While COVID-19 brings China one step closer to technology-perfected authoritarianism through improvised health apps and real-time surveillance, Europe is busy looking inward. The pandemic has reignited self-reliance ambitions and given new impetus to concepts of digital and technological ´sovereignty.´ Europe stands at an inflection point, argue Rebecca Arcesati (MERICS) and Martijn Rasser (CNAS). (via EUobserver)
As Washington and Beijing do battle over trade, Europe is seen to be in a strategic dilemma. Maximilian Kärnfelt says this ignores a simple political calculation that favors the US.
Covid-19 has boosted Beijing’s championing of traditional Chinese medicine. Tom Bayes says China should focus on more measurably effective public health efforts – starting in Africa. This article is part 10 of a MERICS blog series on China's corona struggle.
The pandemic has once again shown Berlin’s relations with Beijing to be a balancing act. Barbara Pongratz says cordial partnership plus cautious opposition does not equal clarity. This article is part 9 of a MERICS blog series on China's corona struggle.
The economic shutdown in response to the Covid-19 outbreak has left its impact on the whole of China’s economy, not least its small and medium-sized enterprises (SMEs). Representing the lion’s share of GDP and employment, they are crucial for China’s stability. Beijing has taken steps to cushion the blow for SMEs, but there is no guarantee it will succeed. If these measures fail, China will take a severe hit not only to its economy, but also to its social stability. This article is part 8 of a MERICS blog series on China's corona struggle.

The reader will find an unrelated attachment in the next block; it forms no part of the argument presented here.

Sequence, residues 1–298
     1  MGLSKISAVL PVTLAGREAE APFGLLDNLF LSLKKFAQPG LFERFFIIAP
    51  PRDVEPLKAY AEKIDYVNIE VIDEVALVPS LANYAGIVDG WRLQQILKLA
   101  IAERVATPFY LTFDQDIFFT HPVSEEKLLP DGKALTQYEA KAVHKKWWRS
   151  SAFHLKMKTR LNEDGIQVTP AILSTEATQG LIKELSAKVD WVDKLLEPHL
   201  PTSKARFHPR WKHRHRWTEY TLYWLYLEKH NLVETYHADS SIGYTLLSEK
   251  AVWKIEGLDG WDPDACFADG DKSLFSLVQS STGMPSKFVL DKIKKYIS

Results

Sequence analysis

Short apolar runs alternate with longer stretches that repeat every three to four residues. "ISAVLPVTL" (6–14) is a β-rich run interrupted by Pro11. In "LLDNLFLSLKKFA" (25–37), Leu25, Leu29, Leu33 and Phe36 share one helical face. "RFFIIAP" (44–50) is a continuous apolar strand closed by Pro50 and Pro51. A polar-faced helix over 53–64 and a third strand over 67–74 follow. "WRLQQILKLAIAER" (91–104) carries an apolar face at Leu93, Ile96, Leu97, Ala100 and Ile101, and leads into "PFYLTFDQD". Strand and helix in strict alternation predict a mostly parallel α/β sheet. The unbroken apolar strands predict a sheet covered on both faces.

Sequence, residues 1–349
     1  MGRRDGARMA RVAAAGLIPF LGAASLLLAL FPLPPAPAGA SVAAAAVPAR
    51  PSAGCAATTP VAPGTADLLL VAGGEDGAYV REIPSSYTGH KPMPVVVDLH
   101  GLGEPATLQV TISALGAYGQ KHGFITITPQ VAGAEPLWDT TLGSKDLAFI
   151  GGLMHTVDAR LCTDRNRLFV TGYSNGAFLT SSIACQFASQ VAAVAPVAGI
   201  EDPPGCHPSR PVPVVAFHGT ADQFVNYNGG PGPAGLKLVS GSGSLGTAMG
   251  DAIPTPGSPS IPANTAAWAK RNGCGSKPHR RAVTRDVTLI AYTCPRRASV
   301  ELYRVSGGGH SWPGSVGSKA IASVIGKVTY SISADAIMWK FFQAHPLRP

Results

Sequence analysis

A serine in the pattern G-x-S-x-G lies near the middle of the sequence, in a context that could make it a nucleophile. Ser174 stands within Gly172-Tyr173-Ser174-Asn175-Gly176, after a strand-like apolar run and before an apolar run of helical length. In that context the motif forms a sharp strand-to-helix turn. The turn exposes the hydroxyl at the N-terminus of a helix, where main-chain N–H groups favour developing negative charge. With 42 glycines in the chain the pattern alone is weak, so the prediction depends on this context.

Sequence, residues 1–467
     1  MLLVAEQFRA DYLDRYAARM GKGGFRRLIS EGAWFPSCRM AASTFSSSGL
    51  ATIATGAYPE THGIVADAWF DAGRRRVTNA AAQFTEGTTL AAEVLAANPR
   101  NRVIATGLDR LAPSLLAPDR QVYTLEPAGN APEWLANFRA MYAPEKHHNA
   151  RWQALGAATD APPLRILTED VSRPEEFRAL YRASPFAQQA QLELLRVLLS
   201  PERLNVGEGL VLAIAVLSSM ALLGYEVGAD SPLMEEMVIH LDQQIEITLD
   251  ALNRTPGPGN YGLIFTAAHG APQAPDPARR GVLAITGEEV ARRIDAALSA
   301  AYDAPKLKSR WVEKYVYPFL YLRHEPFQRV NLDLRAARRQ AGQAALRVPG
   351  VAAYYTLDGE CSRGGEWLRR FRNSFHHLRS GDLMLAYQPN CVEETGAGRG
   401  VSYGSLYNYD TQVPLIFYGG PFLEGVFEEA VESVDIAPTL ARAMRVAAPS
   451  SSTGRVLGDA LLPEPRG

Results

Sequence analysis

As the U.S. increases pressure on technology exports, China’s race for self-sufficiency becomes more urgent. A blogpost by MERICS expert John Lee. (via The Diplomat)
There is a tendency in politics and the media to tone down criticism of Beijing. But this is damaging to all those in China who bravely oppose the regime's dictatorship, says Kristin Shi-Kupfer. This article is part 7 of a MERICS blog series on China's corona struggle.
Beijing has issued rules to encourage regime-friendly online content. David Lenz sees a wave of volunteer cheerleaders crowding out the critical voices still present on the Chinese internet. This article is part 6 of a MERICS blog series on China's corona struggle.
The coronavirus pandemic threatens to wreck developing countries and lay bare the inequalities of the digital divide: diagnosis based on artificial intelligence (AI), smart working and e-learning are unthinkable in most countries. But there’s China: State media recently featured an AI-enabled COVID-19 diagnostic system, developed by two Chinese companies, being used by hospitals in Ecuador – just one of several Chinese digital health projects. This article is part 5 of a MERICS blog series on China's corona struggle.
Three major trading blocs – China, the European Union and the United States – have reacted with protectionist measures to the economic challenges caused by the Covid-19 pandemic. Industrial policy has become the preferred tool for safeguarding systemically important industries against foreign take-over, reinforcing a trend toward protectionism that was already visible before the crisis. The new wave of economic nationalism could weaken the fragile world trade order even further. This article is part 4 of a MERICS blog series on China's corona struggle.
Beijing’s response to the coronavirus pandemic could prove to be an eye-opener for Europe. Lucrezia Poggetti says many leaders will be more clear-eyed when dealing with China. This article is part 3 of a MERICS blog series on China's corona struggle. A shorter version was previously published on ChinaFile.